Earlier than there have been the intricate designs you see in up to date tattoos everywhere in the world, there was Sailor Jerry, aka Norman Collins, a tattooist within the mid-Twentieth century who nearly single-handedly impressed the trendy occupation of tattooing.
Husson College college students in adjunct teacher Kat Johnson’s blended media class have used Sailor Jerry’s designs as inspiration for an artwork set up now on show in Husson’s Robert E. White Gallery. The scholars created their very own designs impressed by Sailor Jerry, whose iconic photos of stars, anchors, birds, hearts, ships and pin-up ladies helped pave the best way for in the present day’s tattooing business.
Johnson, an artist within the Bangor space, knew she needed to do a wheatpasting mission together with her college students, a medium she’s lengthy labored in as an everyday contributor to the Downtown Bangor Wheatpaste Project. She envisioned every pupil developing with their very own design, to be printed and wheat pasted on the gallery wall.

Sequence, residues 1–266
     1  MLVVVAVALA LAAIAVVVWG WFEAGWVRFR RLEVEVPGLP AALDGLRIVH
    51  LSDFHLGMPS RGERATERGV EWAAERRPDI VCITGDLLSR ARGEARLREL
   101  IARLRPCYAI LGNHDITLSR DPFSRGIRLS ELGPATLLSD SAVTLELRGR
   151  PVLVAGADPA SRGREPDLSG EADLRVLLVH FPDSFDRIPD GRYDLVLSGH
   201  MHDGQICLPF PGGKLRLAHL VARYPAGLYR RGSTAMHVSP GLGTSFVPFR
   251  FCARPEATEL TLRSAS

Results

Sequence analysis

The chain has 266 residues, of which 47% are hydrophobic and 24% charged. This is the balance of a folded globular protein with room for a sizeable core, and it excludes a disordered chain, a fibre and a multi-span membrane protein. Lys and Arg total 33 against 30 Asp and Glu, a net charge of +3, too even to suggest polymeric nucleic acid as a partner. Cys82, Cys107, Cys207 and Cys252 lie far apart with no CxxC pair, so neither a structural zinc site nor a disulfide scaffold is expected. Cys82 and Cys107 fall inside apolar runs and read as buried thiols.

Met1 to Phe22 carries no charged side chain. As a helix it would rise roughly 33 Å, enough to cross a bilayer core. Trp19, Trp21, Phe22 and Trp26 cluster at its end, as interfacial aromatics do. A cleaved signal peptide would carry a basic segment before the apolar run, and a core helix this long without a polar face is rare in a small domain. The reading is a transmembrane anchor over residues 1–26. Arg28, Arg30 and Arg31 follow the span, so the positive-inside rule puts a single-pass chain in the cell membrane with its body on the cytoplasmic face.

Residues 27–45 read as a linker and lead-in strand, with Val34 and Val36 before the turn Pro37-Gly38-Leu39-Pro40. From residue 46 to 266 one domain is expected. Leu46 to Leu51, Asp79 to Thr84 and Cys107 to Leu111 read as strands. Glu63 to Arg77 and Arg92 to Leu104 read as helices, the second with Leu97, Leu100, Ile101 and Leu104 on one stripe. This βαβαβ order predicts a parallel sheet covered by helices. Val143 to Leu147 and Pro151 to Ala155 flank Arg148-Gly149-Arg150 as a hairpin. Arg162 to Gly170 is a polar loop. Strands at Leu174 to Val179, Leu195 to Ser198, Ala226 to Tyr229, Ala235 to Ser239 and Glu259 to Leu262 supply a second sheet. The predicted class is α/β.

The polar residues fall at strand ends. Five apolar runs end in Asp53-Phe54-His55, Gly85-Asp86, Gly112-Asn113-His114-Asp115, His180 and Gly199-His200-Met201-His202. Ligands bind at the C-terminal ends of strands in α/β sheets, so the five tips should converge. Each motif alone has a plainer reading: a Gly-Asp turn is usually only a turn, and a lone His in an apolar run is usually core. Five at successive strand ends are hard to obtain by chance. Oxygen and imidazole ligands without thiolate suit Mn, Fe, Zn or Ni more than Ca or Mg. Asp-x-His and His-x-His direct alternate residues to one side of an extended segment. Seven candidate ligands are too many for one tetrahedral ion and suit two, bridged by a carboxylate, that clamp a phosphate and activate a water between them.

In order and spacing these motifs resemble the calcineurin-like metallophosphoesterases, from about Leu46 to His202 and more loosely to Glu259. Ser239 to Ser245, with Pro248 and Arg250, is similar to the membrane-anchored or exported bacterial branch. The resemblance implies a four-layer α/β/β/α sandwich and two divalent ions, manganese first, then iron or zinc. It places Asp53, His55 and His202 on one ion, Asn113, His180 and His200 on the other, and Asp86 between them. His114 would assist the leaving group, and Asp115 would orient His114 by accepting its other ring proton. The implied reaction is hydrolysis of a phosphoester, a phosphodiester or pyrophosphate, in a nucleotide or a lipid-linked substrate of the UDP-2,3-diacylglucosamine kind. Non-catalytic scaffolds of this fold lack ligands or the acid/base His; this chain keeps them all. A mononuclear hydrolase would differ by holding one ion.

With so many designs in a single area, she thought it would appear to be a tattoo sleeve, which is usually a mixture of interrelated photos and designs all tattooed on half or all of an individual’s arm.
“As we dwell in Maine with a robust maritime historical past, the tattoo thought labored nicely with our shared tradition,” Johnson stated. “Instantly Sailor Jerry got here to thoughts. His daring line work and signature worth coloring have been two sturdy formal qualities I might train to the scholars in the course of the course of. These parts mixed made Sailor Jerry an ideal match.”
Tattoo as an artwork kind has its roots in historic Austronesian folks, who developed the unique stick-and-poke tattoo technique, utilizing a mallet and a piercing implement. Within the U.S., nevertheless, tattooing bought its begin in Nineteenth-century military camps and crusing ports, the place itinerant tattoo artists would journey and tattoo troopers, sailors and criminals, with designs meant to represent their experiences on the ocean, in battle and in jail.
Sailor Jerry’s model got here immediately out of that custom — albeit with extra polish and refinement — and lots of of these designs are nonetheless standard tattoos that individuals get in the present day.
“Anchors Aweigh,” the tattoo design set up, can be on show by way of Dec. 7 within the Robert E. White Gallery in Peabody Corridor on the Husson College campus in Bangor.